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Collins Aerospace

When stargazing turns to trailblazing

Below is an article originally published on March 22, 2021 on Collins Aerospace. Go to Collins Aerospace's company page on PowerToFly to see their open positions and learn more.

Inspired by aviators and astronauts, Rhonda Walthall turned an early love of airplanes into a successful career as an engineer (and Collins Technical Fellow). Here's what she's learned along the way as a woman working in aerospace.

If Neil Armstrong had looked out the window of his farmhouse in Lebanon, Ohio in the late 1970s, he might have seen a teenaged, future aerospace engineer named Rhonda Walthall waving as she went by. Walthall's family lived close, and she always hoped to catch a glimpse of the famous astronaut.

"Growing up, I loved everything about airplanes and space," said Walthall, now a Collins Aerospace Technical Fellow and an industry leader in advancing Integrated Aircraft Health Management technologies. "I always did well in science and math but had no exposure to engineering. Back then, there were no girls allowed in shop class – we had to take home economics. I refused to take typing or shorthand, because I wanted to get away from all the stereotypes. I wanted something different, and I knew I'd have to find it for myself."

While she never actually saw Armstrong, Walthall was inspired to follow his footsteps to his alma mater, Purdue University. It was there, while earning her degree in aeronautical and astronautical engineering that she met other young women exploring careers in science. Walthall's less-than-stellar eyesight dashed her dream of becoming an astronaut, but a dream to become an aerospace engineer took its place.

"As much as I loved aviation, I didn't fly on a plane until my junior year," she recalled with a laugh. "In those days, some planes had rows of seats that faced one another. I flew the entire way from Indianapolis to Hartford – to my first Society of Women Engineers conference of all things – facing backwards! I had never flown before, so I didn't know the difference."

Walthall spent very little time looking back after that. Her first job out of college was with McDonnell Douglas, where she was a principal flight test engineer for the company's C-17 program and the first civilian woman to fly on the aircraft. She also worked as a power plant engineer for Northwest Airlines before arriving at Collins 18 years ago and working her way up to her current position. In addition to her day job working in predictive analytic solutions for aircraft, she's an industry technical advisor for Purdue and serves in leadership roles for SAE International and the Prognostics and Health Management Society.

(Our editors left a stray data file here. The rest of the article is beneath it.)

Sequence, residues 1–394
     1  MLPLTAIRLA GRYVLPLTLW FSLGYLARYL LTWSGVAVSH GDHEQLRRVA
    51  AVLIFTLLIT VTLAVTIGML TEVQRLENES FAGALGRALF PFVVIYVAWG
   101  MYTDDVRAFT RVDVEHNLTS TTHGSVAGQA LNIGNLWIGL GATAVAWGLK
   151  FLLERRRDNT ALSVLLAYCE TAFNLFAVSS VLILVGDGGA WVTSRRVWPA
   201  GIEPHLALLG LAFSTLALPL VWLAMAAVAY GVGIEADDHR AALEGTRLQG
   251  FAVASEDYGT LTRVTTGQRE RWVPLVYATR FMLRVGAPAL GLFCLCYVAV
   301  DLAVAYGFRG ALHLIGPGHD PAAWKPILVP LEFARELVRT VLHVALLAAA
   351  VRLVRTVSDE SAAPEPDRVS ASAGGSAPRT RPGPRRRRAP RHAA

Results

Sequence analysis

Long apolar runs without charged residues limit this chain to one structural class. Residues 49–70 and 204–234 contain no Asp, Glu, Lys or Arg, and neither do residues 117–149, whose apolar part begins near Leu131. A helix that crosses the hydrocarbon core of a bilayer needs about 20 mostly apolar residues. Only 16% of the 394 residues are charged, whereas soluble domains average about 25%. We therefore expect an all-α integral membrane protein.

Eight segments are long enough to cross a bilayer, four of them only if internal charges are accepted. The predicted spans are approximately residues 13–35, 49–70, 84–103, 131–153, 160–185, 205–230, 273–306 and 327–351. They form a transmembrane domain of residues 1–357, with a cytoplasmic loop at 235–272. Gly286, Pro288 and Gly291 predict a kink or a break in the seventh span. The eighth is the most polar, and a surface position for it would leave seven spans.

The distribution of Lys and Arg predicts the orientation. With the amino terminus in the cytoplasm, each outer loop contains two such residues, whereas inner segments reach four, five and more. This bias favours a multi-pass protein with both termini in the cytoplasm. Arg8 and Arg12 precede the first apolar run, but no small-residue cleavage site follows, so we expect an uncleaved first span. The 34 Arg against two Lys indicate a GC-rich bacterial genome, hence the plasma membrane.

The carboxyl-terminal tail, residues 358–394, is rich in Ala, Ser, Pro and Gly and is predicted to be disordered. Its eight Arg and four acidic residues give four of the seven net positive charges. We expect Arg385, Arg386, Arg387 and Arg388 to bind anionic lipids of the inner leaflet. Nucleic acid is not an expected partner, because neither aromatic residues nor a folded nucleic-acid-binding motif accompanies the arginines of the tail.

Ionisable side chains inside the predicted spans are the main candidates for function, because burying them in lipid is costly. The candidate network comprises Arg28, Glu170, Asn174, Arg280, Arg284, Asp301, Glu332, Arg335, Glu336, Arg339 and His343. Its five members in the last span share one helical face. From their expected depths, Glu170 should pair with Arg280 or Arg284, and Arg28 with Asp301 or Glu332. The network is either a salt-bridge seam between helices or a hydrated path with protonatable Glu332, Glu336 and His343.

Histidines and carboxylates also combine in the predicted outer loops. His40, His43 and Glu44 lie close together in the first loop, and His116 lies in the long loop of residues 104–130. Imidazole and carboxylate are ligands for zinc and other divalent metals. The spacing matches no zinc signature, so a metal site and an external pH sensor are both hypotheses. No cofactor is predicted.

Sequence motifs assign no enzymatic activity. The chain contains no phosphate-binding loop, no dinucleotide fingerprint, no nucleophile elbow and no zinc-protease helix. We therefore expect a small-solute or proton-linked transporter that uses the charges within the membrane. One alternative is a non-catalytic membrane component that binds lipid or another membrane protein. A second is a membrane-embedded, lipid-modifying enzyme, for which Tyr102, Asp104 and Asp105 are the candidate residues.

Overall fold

She is also invested in the futures of current and aspiring engineers. As an advocate for science, technology, engineering and math (STEM) programs, Walthall mentors early-to-mid career engineers at Collins, hosts "Introduce a Girl to Engineering Day" events for the Collins Charlotte office and works with other organizations, such as FIRST's Project Scientist, with a mission to inspire girls to stay the course in STEM.

"I want the next generation to feel more comfortable seeking support for their careers than I was," she explained. "Mentors, whether they are older, younger, male, female, in or outside your company, above or below you in the organization, are more objective than your friends and family. They can help you see that you're ready for the next thing, even if you're not so sure."

She makes a distinction between having a mentor – someone you reach out to and ask for guidance – and having a sponsor.

"Sponsors come forward and speak on your behalf," she said. "You may not even know you have a sponsor, but they see you at work, know what you're capable of, and advocate for you behind the scenes. Most often, sponsors choose you."

Walthall says she didn't realize how important sponsors were, or even what they were, until she realized she had some helping her.

"To have a sponsor, you need to be visible, wherever you are on your career path. And for some women – especially those who are more introverted or may be working in a remote location, it's easy not to be visible," she added. "You have to challenge yourself to step forward out of your comfort zone."

To that point, Walthall and her former boss and mentor – and now her friend -- Brenda Mitchell, recently co-authored a book about what it's like for women building careers in aerospace and defense.

They interviewed 33 women and nearly all spoke about the support systems – at home and at work -- that enabled them to break through challenges and succeed. Walthall often says her husband, now retired from a successful aerospace career of his own, has always been her biggest champion.

When asked who her heroes are now, Walthall, who has blazed a few trails herself, answered: "Whether we're talking about aviation pioneers like Bessie Coleman and Amelia Earhart who opened doors for us all, or the women leading in the industry today, I admire those who aren't afraid to be the first to do something then pave the way for others to follow."

Her advice for those engineering a career in aerospace or any other industry:

  • Trust the people on your team to do their best work.
  • Trying times are temporary. Keep the end goal in mind.
  • Take care of yourself – don't work so hard you overlook your health.
  • Ask for help when you need it – it's a sign of strength.
  • There's no success without support. Be gracious, share credit and thank people for their hard work.
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